It is expected that the data garnered by the present invention will be used by meteorologists to improve their weather forecasts for industries outside aviation. In this embodiment, the parallel readings achieved by each of a plurality of aircraft are received and compiled by a ground based monitoring system then electronically delivered to meteorologists at, for example, the National Weather Service. Those meteorologists would then incorporate the new data into weather forecasting or other models.
In terms of monitoring airplanes, the preferred embodiment places the system aboard commercial fleet of aircraft. However, the present invention is also applicable to use on other aircraft such as general aviation, private business airplanes, and military airplanes. Military airplanes already have on-board sophisticated information recordation devices as well as communications devices. In one embodiment of the invention, both the monitoring aircraft and subscribing users would be government controlled aircraft and facilities respectively. In that case, military could retain a tactical advantage by retaining control over information flow.
In the case of general aviation airplanes and business jets, these aircraft may not already be equipped with ADIRU or other measurement control devices. By modifying the functionality of onboard systems and adding processing, storage, communications and measurement devices, these airplanes could also perform as elements in the current invention. Secondarily, all monitoring aircraft need not measure all possible local measurements to add functionality to the system. In particular, many aircraft are already equipped with a static air pressure sensor that is currently being used for calculation of altitude and groundspeed. At the same time, GPS or other global navigational system or secondary position sensor can serve to generate the co-recorded positional data. In one embodiment of the present invention, a subscribing user may request weather indicia indicative of weather at a lower altitude than that flown by traditional commercial jets. For example, non-aviation-related users such as local travelers and agriculturalists may be more interested in low-lying weather systems. In this case, general aviation monitoring airplanes may be well suited to deliver such indicia based on their lower flying altitudes. In some aircraft, it may be costly to implement the invention using traditional electronic connections. Thus, in one embodiment of the invention, measurement transducers communicate to the local air data system using direct wireless communication. For example, a static pressure transducer may be attached to a wireless transmitter. At the same time, the local air data system may be attached to a wireless receiver. Thus, during flight the static pressure transducer measures and transmits data via the wireless transmitter to the local air data system. Alternatively, the wireless communication may pass through a wireless local area network (WLAN). These are merely examples measurement devices and are not meant to limit the scope of the invention.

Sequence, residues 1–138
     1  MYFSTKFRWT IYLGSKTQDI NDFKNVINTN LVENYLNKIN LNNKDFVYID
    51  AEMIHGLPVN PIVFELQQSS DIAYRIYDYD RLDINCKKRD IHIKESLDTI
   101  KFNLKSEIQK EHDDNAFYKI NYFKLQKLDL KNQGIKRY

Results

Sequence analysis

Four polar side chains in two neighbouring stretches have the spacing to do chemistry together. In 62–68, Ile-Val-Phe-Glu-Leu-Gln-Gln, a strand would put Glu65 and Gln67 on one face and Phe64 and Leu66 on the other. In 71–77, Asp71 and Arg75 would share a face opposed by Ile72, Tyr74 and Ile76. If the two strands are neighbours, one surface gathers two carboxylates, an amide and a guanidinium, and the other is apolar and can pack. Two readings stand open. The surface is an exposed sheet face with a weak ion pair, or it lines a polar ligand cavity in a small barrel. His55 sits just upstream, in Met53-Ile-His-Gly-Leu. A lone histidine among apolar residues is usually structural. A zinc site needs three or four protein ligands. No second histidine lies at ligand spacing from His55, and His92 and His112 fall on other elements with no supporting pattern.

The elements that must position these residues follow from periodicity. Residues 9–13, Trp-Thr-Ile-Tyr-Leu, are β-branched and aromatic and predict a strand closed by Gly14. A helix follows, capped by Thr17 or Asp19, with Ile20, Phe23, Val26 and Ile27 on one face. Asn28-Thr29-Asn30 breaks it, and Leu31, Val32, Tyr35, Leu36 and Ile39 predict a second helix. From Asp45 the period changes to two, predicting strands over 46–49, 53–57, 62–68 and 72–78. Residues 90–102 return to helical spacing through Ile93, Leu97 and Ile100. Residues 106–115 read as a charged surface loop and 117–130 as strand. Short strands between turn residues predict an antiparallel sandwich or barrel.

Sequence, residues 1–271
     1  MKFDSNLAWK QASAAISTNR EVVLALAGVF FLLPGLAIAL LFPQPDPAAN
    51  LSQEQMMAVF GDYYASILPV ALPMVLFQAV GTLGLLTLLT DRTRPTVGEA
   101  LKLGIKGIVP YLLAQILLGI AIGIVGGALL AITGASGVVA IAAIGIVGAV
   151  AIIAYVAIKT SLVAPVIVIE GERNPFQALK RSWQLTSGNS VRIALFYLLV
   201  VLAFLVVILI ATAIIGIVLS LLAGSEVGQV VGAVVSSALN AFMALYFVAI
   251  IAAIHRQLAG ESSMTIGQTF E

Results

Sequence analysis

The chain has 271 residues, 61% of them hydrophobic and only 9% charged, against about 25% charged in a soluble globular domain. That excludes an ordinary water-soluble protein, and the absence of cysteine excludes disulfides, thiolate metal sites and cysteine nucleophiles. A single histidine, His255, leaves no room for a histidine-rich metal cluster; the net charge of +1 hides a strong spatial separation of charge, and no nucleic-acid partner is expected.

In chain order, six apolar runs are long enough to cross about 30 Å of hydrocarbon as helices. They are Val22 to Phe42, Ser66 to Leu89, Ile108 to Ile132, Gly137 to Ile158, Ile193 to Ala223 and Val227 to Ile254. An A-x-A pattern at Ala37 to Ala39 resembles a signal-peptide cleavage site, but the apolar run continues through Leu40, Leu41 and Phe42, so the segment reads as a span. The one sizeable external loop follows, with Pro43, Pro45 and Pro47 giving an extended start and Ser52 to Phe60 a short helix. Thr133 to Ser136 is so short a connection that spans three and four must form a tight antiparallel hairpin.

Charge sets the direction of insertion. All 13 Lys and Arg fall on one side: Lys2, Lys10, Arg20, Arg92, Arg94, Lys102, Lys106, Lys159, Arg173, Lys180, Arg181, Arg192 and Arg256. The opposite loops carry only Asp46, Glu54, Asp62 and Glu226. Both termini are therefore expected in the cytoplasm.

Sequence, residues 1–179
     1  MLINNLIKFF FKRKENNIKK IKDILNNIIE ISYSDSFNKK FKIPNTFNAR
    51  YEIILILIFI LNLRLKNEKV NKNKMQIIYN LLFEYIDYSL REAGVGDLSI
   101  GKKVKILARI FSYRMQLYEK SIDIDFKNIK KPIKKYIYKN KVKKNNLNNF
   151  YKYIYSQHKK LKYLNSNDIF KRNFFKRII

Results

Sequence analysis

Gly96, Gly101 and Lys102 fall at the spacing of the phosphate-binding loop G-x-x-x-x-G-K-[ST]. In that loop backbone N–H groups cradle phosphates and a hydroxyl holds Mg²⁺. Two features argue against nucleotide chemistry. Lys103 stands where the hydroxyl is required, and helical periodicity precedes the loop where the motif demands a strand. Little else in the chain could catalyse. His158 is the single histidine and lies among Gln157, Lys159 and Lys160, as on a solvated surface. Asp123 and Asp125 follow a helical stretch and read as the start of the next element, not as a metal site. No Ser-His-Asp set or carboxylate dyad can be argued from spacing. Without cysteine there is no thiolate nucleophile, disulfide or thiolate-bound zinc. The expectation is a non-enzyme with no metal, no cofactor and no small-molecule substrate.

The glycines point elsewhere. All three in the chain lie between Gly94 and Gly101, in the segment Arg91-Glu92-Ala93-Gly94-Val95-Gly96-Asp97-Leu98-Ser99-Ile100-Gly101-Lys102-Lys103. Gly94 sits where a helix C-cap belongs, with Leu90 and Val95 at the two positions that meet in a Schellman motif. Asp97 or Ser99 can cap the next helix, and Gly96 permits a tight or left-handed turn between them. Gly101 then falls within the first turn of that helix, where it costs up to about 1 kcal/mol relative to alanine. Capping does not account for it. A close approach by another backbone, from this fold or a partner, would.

A variety of embodiments have been described above. More generally, those skilled in the art will understand that changes and modifications may be made to these embodiments without departing from the true scope and spirit of the present invention, which is defined by the claims. Drawings have been provided to aid in understanding embodiments; however, they should not be seen as scale drawings.
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|U.S. Classification||702/2, 340/971|
|International Classification||G01W1/10, G01V3/00|
|Cooperative Classification||G01K2203/00, G01W1/10, G01W1/08, G01W2001/003|
|European Classification||G01W1/08, G01W1/10|
|12 Dec 2005||AS||Assignment|
Owner name: HONEYWELL INTERNATIONAL INC., NEW JERSEY
Free format text: ASSIGNMENT OF ASSIGNORS INTEREST;ASSIGNORS:MANFRED, MARK;TAYLOR, JR., LUCIUS ORVILLE;BRAMA, ANTHONYVERNON;REEL/FRAME:017109/0264;SIGNING DATES FROM 20040609 TO 20040701
|20 Nov 2009||FPAY||Fee payment|
Year of fee payment: 4
|26 Nov 2013||FPAY||Fee payment|
Year of fee payment: 8